at Whiteface Ski Resort in Lake Placid, one of our 10 day-trip destinations in our cover story. [Courtesy Whiteface/Lake Placid]

Grace E. Johnston

Photography

Norm Johnston, Justin Sorensen, Jason Hunter, Melanie Kimbler-Lago, Amanda Morrison

Director of Adevrtising Michael Hanson

Magazine Advertising Manager Matthew Costantino

Ad Graphics, Design

Brian Mitchell, Heather O’Driscoll, Scott Smith, Todd Soules, Rick Gaskin

Circulation Director Mary Sawyer

NNY Living (ISSN 2165-1159) is published six times a year by Northern New York Newspaper Corp., 260 Washington St., Watertown, NY 13601, a Johnson Newspaper Corp. company. © 2011-2014. All material submitted to NNY Living becomes property of Northern New York Newspaper Corp., publishers of the Watertown Daily Times, and will not be returned.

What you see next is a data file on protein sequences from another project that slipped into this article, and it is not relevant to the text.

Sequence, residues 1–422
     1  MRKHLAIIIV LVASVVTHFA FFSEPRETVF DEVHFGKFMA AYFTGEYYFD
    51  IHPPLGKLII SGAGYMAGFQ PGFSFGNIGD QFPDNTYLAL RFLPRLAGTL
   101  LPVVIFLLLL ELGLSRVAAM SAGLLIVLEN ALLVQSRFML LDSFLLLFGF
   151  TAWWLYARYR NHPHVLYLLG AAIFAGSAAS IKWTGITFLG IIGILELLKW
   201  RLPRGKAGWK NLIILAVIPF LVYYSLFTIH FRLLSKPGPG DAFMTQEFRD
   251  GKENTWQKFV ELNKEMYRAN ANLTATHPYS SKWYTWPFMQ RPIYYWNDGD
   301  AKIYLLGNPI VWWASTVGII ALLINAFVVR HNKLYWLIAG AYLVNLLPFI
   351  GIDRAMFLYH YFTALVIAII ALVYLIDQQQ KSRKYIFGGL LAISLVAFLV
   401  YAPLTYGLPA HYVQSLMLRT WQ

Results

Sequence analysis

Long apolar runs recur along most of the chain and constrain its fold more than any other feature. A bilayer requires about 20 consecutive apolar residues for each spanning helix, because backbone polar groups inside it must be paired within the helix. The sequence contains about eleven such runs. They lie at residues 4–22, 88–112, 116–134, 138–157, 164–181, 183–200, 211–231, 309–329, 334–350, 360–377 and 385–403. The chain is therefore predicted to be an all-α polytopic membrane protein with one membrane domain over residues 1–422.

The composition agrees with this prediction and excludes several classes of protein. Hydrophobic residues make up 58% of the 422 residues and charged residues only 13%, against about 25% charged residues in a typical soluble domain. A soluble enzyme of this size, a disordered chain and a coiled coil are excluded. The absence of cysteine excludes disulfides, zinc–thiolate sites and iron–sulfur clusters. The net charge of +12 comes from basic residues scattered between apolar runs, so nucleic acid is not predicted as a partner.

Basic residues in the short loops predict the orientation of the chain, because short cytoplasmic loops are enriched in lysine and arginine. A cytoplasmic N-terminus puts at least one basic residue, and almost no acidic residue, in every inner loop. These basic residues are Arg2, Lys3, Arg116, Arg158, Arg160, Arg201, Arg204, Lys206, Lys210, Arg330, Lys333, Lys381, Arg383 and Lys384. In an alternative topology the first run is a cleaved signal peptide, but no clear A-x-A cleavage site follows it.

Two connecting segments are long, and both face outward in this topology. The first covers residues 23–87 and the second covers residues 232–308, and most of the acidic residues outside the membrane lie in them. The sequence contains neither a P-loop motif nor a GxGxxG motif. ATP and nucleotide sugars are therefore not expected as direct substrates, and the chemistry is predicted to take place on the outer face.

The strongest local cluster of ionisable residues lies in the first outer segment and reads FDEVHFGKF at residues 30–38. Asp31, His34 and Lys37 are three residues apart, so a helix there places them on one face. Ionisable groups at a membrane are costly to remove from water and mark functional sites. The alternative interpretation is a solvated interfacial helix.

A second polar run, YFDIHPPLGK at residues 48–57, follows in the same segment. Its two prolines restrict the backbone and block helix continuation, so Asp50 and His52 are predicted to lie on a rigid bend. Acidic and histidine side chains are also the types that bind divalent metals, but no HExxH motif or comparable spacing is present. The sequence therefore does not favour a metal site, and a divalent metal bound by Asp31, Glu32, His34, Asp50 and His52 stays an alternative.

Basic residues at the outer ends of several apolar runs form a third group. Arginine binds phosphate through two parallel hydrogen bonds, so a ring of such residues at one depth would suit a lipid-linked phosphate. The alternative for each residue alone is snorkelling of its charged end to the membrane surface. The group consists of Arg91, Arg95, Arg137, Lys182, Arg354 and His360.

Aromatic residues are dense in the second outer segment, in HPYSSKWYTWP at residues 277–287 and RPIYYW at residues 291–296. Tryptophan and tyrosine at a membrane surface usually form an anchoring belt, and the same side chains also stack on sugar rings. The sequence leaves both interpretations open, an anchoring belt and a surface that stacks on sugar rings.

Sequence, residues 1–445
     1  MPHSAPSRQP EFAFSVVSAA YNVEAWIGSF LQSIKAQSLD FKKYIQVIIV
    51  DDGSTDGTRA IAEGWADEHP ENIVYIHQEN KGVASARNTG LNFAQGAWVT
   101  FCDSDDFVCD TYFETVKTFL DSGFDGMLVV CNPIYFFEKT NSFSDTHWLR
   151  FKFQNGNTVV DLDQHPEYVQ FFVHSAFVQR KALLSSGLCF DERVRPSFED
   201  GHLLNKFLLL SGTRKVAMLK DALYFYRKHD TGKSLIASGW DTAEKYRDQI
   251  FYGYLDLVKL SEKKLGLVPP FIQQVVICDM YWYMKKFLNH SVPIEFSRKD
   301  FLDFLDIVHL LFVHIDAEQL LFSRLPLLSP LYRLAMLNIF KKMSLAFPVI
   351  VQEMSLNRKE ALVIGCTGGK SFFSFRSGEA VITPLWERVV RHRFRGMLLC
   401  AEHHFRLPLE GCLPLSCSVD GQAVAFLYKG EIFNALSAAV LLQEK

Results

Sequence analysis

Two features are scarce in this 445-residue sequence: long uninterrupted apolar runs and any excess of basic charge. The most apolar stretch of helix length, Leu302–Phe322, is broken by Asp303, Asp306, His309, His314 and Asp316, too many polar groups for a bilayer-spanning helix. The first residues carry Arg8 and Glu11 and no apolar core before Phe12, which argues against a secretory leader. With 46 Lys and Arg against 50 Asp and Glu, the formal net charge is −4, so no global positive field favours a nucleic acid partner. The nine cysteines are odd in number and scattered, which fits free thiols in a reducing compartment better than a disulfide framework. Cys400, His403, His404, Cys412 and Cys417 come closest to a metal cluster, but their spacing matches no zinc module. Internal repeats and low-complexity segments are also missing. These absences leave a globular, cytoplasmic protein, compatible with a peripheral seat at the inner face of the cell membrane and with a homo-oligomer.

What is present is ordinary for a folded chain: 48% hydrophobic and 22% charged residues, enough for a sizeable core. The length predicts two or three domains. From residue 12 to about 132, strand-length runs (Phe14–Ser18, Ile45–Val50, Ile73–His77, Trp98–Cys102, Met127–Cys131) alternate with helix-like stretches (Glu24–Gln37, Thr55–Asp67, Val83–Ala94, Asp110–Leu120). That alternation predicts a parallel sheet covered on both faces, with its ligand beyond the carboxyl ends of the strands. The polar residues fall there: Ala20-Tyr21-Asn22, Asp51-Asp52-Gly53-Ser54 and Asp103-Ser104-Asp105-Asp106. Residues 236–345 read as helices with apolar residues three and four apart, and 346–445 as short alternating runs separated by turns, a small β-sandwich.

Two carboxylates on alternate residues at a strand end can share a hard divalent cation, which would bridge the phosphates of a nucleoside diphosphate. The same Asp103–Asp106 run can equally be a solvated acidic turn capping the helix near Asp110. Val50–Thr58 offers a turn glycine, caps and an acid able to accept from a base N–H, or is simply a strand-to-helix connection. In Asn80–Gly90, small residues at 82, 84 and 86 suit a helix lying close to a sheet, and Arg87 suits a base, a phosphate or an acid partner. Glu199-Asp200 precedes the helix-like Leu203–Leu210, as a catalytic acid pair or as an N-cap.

Subscription Rates Six issues are $10 a year and 12 issues are $15 for two years. Call 315-782-1000 for delivery. Submissions Send all editorial correspondence to keysaman@wdt.net Advertising For advertising rates and information in Jefferson and Lewis counties, email mcostantino@wdt.net, or call 661-2305 In St. Lawrence County, e-mail bward@ogd.com, or call 661-2507 Printed with pride in U.S.A. at Vanguard Printing LLC, Ithaca, N.Y. a Forest Stewardship Certified facility. Please recycle this magazine.